How a TikTok Ban Would Impact Digital Creators and Marketers 

A TikTok ban could have major implications for online creators and advertisers who use TikTok as a revenue stream and marketing tool. Without TikTok, these creators and businesses could lose a significant percentage of their online audience, which has a direct effect on their income and engagement. 

So what can online creators and advertisers realistically expect if a TikTok ban takes effect? Here are some of the top changes to be aware of: 

  • The Loss of a Vital Marketing Tool: Many digital creators and online businesses use TikTok to earn revenue, either directly through TikTok’s Creator Fund or by promoting their brand’s products or services with engaging content. A TikTok ban would close a crucial avenue for people to advertise themselves and their brands, diminishing the hard-earned audience they’ve established on the platform.

  • A Shift to Other Platforms: In the wake of a TikTok ban, TikTok users would inevitably move to other social media platforms. TikTok currently has a massive Gen Z audience, so creators and businesses looking to advertise to this demographic would have to be aware of where Gen Z social media users were migrating to post-TikTok. 

  • Disruptions to Influencer and Brand Partnerships: As a major digital marketing tool, TikTok is where many businesses execute influencer partnerships; likewise, many digital creators with large followings on TikTok leverage their popularity to secure brand partnerships. A TikTok ban would force advertisers to halt all marketing campaigns on the platform and find other creators to partner with on different social media sites, leading to losses for both the advertisers and the TikTok content creators (Marion Marketing, 2024).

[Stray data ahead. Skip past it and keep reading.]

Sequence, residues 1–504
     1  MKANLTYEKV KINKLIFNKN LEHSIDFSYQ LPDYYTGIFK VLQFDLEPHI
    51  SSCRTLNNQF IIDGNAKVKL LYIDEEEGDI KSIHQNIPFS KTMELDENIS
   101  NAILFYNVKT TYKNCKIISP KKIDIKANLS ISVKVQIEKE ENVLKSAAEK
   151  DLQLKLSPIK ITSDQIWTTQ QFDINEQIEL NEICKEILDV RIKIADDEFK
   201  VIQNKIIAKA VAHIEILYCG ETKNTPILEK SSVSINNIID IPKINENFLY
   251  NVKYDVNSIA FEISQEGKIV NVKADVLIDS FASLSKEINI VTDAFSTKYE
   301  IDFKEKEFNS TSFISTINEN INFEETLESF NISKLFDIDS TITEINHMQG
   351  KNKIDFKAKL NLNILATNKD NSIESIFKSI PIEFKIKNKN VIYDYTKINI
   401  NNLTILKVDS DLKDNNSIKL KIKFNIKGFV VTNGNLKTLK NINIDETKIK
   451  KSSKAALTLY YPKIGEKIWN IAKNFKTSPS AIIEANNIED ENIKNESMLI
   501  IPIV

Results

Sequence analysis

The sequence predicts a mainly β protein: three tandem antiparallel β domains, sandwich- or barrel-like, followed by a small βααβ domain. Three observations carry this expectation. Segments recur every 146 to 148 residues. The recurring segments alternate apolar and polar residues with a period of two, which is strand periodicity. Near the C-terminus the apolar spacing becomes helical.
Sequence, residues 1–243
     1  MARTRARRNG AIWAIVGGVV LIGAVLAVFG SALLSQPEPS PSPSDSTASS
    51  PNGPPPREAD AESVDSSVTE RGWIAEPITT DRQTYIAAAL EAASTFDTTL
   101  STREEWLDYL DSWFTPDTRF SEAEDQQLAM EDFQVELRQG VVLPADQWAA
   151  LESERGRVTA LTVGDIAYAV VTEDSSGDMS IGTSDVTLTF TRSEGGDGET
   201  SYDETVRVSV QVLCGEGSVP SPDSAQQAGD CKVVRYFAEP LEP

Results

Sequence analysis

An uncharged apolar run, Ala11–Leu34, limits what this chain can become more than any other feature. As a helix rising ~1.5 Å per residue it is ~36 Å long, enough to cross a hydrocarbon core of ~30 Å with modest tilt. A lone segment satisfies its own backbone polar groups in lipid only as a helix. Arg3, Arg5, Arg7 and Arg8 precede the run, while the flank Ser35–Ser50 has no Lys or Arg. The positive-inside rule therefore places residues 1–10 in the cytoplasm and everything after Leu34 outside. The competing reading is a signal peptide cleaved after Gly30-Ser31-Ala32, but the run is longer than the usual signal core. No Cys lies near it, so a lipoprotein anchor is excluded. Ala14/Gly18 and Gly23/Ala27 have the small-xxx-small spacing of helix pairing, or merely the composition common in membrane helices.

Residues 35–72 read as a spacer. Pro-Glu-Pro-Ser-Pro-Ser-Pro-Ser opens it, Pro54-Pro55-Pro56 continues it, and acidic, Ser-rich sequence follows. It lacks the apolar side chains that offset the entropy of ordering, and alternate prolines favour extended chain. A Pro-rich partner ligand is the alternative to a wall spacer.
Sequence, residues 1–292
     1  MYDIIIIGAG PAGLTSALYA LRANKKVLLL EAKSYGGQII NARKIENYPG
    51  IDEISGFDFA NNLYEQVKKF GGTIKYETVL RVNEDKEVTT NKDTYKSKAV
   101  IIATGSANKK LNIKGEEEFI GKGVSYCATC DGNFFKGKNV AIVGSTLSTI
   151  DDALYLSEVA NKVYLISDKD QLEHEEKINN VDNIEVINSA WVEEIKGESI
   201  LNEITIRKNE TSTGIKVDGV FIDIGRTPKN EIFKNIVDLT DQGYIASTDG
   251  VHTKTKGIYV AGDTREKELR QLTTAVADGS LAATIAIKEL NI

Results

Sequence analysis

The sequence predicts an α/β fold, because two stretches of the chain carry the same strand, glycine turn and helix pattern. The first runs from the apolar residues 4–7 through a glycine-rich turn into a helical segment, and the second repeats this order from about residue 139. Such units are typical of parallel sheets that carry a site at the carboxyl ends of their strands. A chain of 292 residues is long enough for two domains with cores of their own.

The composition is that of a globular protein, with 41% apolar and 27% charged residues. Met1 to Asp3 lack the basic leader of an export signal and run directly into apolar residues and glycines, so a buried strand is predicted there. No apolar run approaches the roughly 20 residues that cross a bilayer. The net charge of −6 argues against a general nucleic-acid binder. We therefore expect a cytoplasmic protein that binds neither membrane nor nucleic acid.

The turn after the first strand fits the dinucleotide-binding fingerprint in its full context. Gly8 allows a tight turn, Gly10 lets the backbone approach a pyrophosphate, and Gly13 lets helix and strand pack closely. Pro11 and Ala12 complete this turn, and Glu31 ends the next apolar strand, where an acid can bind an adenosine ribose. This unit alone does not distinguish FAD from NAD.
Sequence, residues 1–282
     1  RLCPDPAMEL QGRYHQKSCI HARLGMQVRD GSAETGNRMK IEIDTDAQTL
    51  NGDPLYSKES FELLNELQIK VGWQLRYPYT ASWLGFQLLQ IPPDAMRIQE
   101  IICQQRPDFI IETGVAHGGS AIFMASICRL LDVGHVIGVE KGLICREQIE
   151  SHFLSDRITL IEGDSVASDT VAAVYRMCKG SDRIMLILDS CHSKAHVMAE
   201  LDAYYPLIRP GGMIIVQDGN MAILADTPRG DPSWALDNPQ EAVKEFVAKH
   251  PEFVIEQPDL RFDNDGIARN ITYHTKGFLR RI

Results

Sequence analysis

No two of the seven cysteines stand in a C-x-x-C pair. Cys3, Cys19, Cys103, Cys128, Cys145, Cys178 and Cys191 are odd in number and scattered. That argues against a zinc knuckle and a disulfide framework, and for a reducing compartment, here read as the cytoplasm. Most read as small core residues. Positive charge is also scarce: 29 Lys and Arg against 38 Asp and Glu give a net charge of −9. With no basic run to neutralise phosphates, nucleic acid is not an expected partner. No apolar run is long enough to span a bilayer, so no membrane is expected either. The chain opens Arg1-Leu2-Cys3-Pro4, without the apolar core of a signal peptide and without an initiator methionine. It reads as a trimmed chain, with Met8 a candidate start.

How Digital Creators and Marketers Can Prepare for the TikTok Ban

  • Track Trends in Consumer Engagement: TikTok is one of the top advertising channels for reaching younger audiences, but it’s certainly not the only one. Take note of your audience demographics and look for social media platforms that cater to similar users to identify the sites these users might migrate to if TikTok is banned.

  • Explore Other Platforms: Regardless of whether TikTok gets banned, it’s a good idea to branch out and grow your presence on other marketing platforms. As we’ve seen with social media relics like MySpace, online popularity comes and goes, so you should always be ready to pivot to the next big thing to stay relevant.

  • Forge New Partnerships: Different influencers dominate different social media sites, meaning businesses that utilize influencer partnerships on TikTok should evaluate who would make the best partner on an alternative platform. Similarly, influencers who do brand partnerships on TikTok should take note of the big advertisers on various social media platforms and pursue relationships with these brands (DeBois, 2024; Octatude, 2024).

Across all industries, digital marketing is essential for any successful business. Not only does it establish a strong relationship with your target audience or consumer base, but it also increases your brand’s recognizability, allowing your company to reach a wider audience. If you’re looking to grow your business, start by evaluating your current digital marketing strategy to determine what’s working and what needs improvement. 

If you need help navigating the do’s and don’ts of digital marketing, BlueTickSocial is here for you. Contact us today to begin growing your brand’s online presence!